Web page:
Germany likely to impose mask mandate if Covid-19 spreads in winter
Germany is likely to introduce a mask mandate indoors if there is a significant increase in the number of cases of Covid-19 in autumn and winter, health ministers said at a meeting on Tuesday, though they differed over possible exemptions, the Anews reported, citing the DPA.
The federal and state health ministers discussed draft legislation aiming to update regulations for dealing with the coronavirus pandemic.
German Health Minister Karl Lauterbach said: "It is clear that mandatory masks indoors should be the rule in the event of a tense pandemic situation.”
Last week, Lauterbach and Justice Minister Marco Buschmann presented new coronavirus measures that would go into effect in the autumn.
Among other things, their draft calls for masks to remain compulsory on long-distance trains and aeroplanes nationwide, along with rules requiring masks to be worn in hospitals and care facilities.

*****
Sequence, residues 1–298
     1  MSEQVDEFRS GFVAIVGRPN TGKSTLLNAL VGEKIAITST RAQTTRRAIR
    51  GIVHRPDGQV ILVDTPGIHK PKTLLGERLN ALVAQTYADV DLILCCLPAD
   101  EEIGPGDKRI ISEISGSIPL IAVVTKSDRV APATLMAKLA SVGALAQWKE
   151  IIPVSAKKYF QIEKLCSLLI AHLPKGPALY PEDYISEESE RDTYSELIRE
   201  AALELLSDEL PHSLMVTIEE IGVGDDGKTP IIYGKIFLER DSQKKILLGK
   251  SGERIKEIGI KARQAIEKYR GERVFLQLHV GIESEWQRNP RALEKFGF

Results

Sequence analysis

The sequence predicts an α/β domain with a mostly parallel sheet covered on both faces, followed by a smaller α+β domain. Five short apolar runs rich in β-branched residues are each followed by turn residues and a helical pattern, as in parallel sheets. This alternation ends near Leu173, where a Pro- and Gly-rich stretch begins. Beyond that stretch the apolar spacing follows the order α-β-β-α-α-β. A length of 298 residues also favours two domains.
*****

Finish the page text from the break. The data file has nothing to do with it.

State governments are to decide for themselves whether they will also require masks in publicly accessible indoor areas.
Some state ministers had criticized plans to make people exempt from the regulation if they had had a vaccination against Covid-19 within the past three months, for example, saying this is difficult to implement.
EU says Novavax COVID vaccine should carry heart side-effect warning
Bavarian health minister Klaus Holetschek said, the ministers also identified areas where further clarity is needed, for example on "who can be vaccinated, with which vaccine this is possible, and how long the protection lasts.”
It is worthy to noted that the meeting came as Germany's Robert Koch Institute (RKI) for disease control and prevention said the nation's seven-day incidence rate of cases per 100,000 was 381.5, although the number is thought to be higher. The RKI said 170 people had died of Covid-19 in the past day.